I joined Facebook in 2007. For years, I would boast that I got all my news from Facebook and the Daily Show, an American satirical television program, which delivers fake news reports. I should be embarrassed to admit this, but perhaps it was inevitable. I certainly didn't feel connected to news sources, or government press services, so Facebook and fake news somehow felt more authentic and trustworthy than the traditional means of accessing information.
Public Sector Management
I went to Bosnia and Herzegovina (BiH) last week to help Oxfam Italia develop advocacy and campaign skills among local civil society organizations. They have their work cut out.
Firstly, there is a crisis of trust between the public and CSOs, which are poorly regulated, often seen as little more than ‘briefcase NGOs’, only interested in winning funding, and under constant attack from politicians. Many CSOs seem pretty disillusioned, faced with a shrinking donor pot and public hostility.
I think there’s a strong case for the CSOs to take the lead in putting their house in order, practicing what they preach on transparency and accountability, and working with government to sort out the legitimate organizations from ones that have registered (there are some 10,000 in the country) but do nothing, (or worse).
Meanwhile, Oxfam is working with some of the more dynamic ones to develop the advocacy and campaign skills of what is still a maturing civil society network (after decades of state socialism, followed by a devastating war, and then an influx of donor cash that had mixed results). Two days of conversation and debate with some great organizations working on everything from disability rights to enterprise development to youth leadership identified some big issues and dilemmas:
Today marks the conclusion of the final meeting of the Global Thematic Consultation on Governance and the Post-2015 Development Framework, held in Johannesburg, South Africa.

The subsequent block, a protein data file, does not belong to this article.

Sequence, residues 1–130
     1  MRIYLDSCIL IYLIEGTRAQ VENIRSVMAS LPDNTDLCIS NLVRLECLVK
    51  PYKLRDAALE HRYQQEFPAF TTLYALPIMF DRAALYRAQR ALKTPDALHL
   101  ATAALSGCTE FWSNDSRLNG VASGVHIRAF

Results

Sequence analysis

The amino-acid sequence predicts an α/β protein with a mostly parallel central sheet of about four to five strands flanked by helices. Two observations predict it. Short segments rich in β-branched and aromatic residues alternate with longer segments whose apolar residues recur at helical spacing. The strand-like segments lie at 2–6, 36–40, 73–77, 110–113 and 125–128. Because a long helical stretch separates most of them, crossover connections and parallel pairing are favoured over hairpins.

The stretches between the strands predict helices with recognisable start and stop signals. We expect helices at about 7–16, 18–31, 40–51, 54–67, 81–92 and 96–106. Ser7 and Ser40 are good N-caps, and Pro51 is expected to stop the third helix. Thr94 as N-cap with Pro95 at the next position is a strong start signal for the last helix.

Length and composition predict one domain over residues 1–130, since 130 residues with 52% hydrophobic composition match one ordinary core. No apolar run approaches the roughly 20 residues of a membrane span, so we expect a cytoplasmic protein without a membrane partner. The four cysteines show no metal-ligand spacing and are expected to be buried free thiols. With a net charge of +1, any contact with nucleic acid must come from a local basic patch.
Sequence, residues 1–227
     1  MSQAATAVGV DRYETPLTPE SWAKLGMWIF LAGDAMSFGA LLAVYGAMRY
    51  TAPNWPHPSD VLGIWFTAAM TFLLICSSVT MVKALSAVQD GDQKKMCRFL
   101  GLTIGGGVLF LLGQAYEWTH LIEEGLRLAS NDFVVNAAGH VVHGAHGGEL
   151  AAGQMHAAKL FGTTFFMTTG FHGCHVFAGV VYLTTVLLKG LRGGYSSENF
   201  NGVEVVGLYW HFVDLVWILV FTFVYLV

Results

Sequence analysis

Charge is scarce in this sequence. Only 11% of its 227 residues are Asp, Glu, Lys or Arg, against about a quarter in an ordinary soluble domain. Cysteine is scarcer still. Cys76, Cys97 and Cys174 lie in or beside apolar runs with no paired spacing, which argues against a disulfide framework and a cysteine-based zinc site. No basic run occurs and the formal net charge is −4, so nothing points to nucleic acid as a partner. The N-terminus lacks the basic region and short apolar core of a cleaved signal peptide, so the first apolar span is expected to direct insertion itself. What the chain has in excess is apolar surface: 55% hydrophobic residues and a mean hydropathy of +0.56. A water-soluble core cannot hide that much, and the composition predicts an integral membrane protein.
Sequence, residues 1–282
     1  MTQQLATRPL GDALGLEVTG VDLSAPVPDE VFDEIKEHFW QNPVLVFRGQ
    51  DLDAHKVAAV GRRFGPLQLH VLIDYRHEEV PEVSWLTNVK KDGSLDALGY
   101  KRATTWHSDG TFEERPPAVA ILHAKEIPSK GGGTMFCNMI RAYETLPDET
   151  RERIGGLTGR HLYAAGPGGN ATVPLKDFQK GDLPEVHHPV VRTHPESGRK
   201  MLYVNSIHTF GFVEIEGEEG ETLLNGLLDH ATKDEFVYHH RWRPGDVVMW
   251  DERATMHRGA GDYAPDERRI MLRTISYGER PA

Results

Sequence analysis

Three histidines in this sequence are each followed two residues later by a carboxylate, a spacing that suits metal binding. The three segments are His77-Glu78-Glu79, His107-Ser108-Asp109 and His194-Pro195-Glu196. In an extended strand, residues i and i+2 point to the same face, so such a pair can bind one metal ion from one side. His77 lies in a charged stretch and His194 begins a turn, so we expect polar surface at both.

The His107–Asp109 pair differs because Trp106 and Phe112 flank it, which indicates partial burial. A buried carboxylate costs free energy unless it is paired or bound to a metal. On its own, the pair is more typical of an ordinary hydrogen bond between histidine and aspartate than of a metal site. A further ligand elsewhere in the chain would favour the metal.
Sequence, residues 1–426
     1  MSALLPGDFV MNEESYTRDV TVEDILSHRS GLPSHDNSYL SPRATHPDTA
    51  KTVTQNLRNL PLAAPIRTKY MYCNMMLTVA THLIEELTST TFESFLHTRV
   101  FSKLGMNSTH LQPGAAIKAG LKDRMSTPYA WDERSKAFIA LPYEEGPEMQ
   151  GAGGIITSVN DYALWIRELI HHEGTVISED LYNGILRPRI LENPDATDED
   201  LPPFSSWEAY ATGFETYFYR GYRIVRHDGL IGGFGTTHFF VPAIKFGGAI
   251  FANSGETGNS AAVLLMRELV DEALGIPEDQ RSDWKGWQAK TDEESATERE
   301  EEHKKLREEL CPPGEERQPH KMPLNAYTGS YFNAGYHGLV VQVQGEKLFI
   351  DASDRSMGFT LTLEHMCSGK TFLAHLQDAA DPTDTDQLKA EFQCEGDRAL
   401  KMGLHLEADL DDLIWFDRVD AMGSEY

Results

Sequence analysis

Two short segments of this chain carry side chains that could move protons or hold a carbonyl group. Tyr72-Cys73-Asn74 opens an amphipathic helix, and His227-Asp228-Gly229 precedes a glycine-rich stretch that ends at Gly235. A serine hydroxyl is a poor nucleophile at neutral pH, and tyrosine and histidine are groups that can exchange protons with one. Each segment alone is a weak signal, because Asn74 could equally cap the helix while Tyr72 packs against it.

After a year of intensive consultation among development partners and with technical experts within the World Bank, I am pleased to announce that the World Bank Approach to Public Sector Management (2011-2020) has been agreed by the Public Sector Governance Board (the internal body that maintains professional standards on PSM and governance work within the Bank).
We know very little about governments’ willingness to take risks. Technologies to enhance public sector performance are widely known and available nowadays, but we still can't predict when governments are likely to take risks in the implementation of complex public sector reforms.
Haven’t we been here before? Getting budgets to more perfectly reflect the policy priorities of government has long been the holy grail of budgeting in the public sector, but the reality of government budgeting is messy compromise. If the history of various countries efforts to promote policy coherence shows one thing clearly it is that the budget is the wrong tool to achieve this. Why is this and how can governments achieve greater coherence in support of higher level policy goals?
Is the timing ripe for President Obama and the U.S. Congress to begin making spending decisions based on what they wanted to achieve rather than on individual agencies and programs? That’s the premise of portfolio budgeting.
The quality and availability of policy advice to state sector decision makers impacts considerably on the effectiveness of the state at any level of development. This has often been downplayed in global discussion of Public Sector Management where the emphasis has been understandably on service delivery and improved governance. The money spent on policy advice is small in relation to any state budget but it is high powered money if it is improving the efficiency and effectiveness of service delivery.
There is something elusive about the workings of government. “We have virtually no adequate bureaucratic theory that can help us deal with the fundamental structural problems that exist with respect to the public sector. ” One might be forgiven for assuming this statement was written recently. Quite the contrary, this was E A Brett, expressing in 1986 what seems to be a perennial concern of public sector management.
In the two weeks that the draft PSM Approach for 2010-2020 has been published on this blog for consultation, many experts and colleagues have taken the time and trouble to offer comments. These comments have enriched the debate and, plus or minus a few contradictions, offer some very clear ways forward.